Painterly precis blush placement is of the moment, and as springtime is around the corner we find ourselves craving a healthy flush. Here, we get the expert tips on how to achieve blush that is “like a push-up bra for your eyes"
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When it comes to blush, we can argue over artistic differences on the proper placement for hours. The faux flush has migrated around our faces throughout the decades, but the latest consensus is to concentrate on the temples. A modernised recreation of the ‘draping’ technique originated by famed 1970s make up artist Way Bandy, it consists of sculpting the face using blush on the cheeks, the temples, the bridge of the nose, earlobes, and sides of the neck. Today, we're all about the facelifting flush, which makeup artist Kristina Ralph Andrews muses is “like a push-up bra for your eyes."
Adapting the method with painterly precision, Andrews used NARS Air Matte Blush in Torch as a coral coloured base on the shoot. She explains that she kept it rounded and high on the cheeks, bringing it in slightly under the outer eye to open up the face.”I think of blush placement as a venn-diagram. You want to find the sweet spot between your under-eye, cheekbone, and the uppermost part of the apple of your cheek.” Next, she used a touch of Daniel Sandler's Watercolour Blush in Acid in the centre of the blush, intensifying the colour and creating depth.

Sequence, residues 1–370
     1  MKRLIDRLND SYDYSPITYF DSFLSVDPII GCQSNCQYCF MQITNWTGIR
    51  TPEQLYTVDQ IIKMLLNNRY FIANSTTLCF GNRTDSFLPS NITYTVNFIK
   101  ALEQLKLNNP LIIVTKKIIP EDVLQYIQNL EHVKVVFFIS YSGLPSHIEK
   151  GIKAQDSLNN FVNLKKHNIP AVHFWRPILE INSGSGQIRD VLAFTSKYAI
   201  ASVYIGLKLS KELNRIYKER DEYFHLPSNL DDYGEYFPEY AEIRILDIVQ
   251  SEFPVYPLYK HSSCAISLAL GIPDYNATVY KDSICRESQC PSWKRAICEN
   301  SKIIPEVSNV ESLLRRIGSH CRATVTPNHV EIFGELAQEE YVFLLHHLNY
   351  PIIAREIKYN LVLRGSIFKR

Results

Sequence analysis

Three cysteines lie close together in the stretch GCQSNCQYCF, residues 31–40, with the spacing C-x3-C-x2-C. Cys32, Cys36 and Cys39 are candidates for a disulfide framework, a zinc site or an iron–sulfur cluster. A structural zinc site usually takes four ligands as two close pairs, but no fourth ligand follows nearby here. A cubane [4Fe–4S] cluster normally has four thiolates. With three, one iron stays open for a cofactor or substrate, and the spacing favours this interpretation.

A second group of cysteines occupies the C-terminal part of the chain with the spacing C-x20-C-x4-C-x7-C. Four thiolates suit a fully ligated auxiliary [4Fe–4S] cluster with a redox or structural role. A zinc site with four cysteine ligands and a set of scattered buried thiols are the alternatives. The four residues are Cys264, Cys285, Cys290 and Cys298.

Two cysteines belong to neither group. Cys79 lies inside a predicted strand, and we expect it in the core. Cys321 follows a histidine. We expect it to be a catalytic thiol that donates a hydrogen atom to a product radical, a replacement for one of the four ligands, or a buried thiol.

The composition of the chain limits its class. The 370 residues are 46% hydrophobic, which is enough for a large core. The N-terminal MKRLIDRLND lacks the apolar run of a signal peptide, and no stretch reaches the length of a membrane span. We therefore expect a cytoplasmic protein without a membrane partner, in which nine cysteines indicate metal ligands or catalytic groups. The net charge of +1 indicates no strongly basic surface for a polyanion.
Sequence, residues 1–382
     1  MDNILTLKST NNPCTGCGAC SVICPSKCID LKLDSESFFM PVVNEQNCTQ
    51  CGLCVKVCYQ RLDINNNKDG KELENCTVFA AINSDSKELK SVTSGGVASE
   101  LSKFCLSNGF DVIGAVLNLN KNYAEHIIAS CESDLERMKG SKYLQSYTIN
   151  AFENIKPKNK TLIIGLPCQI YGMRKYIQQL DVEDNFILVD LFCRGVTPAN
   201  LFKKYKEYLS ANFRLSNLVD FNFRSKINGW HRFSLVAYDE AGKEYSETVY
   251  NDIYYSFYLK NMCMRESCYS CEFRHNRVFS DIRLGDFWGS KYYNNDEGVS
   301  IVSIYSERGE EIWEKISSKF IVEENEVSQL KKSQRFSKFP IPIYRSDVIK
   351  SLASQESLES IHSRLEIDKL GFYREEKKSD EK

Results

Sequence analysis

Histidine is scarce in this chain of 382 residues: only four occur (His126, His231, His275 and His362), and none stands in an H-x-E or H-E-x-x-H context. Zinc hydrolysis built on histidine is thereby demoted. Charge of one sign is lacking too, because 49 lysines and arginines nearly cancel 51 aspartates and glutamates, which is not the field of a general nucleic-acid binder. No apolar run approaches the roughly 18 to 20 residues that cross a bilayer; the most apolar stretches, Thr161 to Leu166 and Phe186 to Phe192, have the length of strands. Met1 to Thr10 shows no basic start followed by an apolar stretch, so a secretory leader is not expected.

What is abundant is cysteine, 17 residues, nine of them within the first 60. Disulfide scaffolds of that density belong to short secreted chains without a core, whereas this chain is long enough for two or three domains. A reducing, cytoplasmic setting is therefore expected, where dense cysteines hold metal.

Air Matte Blush in Torch
Watercolour Liquid Blush Acid
When sculpting cheekbones – making them look like they were carved out of marble – it is crucial to avoid potential blush blunders. Andrews advises us to reach for a cream formula to ensure absolute control. “Powder products are harder to manipulate, but today with all of these rich textures – creams, mousses – you don’t have to be as precise. You can put it on and if you feel like it is too much, keep working on it, patting it in with the palm of your hand and using your body heat to control the product.”
If you’re someone who wears a heavy base, using a tool will keep you from lifting excess foundation and ruining your hard work. ”I’d suggest opting for a smaller, domed brush so that you can be precise in your placement. Keep bigger brushes for bronzers.” Finally, Kristina urges that patience is a virtue when working with blush. ”Work in layers, add the blush bit by bit - like salt in cooking.”